"World’s Most Powerful” Tidal Turbine Starts Pumping Green Electricity To Onshore Grid

“The world’s most powerful” tidal turbine, known as the O2. Image courtesy of Orbital Marine Power

“The world’s most powerful” tidal turbine has been hooked up to the onshore electricity grid in Orkney, a northerly archipelago in Scotland, and is ready to provide homes with clean, green electricity. 

The tidal turbine, known as the O2, was developed by Scottish engineering firm Orbital Marine Power. On July 28, they announced O2 “commenced grid connected power generation” at the European Marine Energy Centre (EMEC) in Orkney, meaning it's all set up and providing energy to the local power grid. 

The 74-meter-long (242-foot) turbine is said to be “the world’s most powerful” tidal turbine. It will lay in the waters off Orkney for the next 15 years with the capacity to meet the annual electricity demand of around 2,000 UK homes. The 2MW turbine is also set to power the EMEC’s land-based electrolyzer that will generate green hydrogen (hydrogen made without fossil fuels) that can also be used as a clean energy source.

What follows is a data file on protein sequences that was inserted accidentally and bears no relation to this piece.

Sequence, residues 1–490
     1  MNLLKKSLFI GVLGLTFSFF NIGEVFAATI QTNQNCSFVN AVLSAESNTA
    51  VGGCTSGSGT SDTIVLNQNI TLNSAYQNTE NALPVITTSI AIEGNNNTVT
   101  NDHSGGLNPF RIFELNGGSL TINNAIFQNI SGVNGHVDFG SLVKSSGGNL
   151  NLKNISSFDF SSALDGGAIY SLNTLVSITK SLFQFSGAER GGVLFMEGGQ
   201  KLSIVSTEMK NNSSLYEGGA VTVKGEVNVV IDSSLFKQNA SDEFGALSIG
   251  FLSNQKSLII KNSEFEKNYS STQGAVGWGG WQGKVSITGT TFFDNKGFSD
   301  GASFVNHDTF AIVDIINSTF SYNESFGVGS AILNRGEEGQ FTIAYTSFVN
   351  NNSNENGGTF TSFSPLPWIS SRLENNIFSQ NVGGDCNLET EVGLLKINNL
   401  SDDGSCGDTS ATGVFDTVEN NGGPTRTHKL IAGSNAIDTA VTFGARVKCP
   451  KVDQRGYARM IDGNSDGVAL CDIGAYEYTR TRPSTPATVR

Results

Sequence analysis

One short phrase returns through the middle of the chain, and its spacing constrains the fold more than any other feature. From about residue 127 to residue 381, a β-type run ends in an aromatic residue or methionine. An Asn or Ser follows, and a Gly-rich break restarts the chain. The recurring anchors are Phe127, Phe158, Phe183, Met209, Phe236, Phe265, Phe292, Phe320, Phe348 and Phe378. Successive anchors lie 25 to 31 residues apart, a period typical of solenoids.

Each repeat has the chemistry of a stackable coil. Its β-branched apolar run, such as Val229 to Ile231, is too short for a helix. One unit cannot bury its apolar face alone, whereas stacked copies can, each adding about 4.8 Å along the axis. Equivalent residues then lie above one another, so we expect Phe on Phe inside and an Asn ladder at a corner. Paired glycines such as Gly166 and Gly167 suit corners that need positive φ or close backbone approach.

Tide power.
Image courtesy of Orbital Marine Power

“Our vision is that this project is the trigger to the harnessing of tidal stream resources around the world to play a role in tackling climate change whilst creating a new, low-carbon industrial sector,” Orbital CEO, Andrew Scott, said in a press release.

Tidal energy is harnessed by converting energy from the natural rise and fall of ocean tides and currents. The O2 turbine consists of two submerged blades with a 20-meter (65-foot) diameter attached to a turbine that will move with the shifting currents of Orkney’s coast to generate electricity. Electricity is then transferred from the turbine along the seabed via cables towards the local onshore electricity network. 

Tidal turbine
Image courtesy of Orbital Marine Power

This method of harnessing energy is not just desirable because it doesn't release carbon emissions, but it’s more predictable than other renewable energy sources, such as solar or wind energy, which can be influenced by weather conditions. Tidal energy production is still in its infancy and there are relatively few large-scale tidal power plants in the world, but many argue that some parts of the world could potentially draw huge benefits from this innovative form of hydropower, especially coastal regions with strong currents such as the northern stretches of the UK. 

The largest tidal power operation in the world is the Sihwa Lake project on the west coast of South Korea, which harnesses enough power to support the domestic needs of a city with a population of 500,000 people. However, once fully operational, the MeyGen tidal power project in northern Scotland hopes to snatch its title. 


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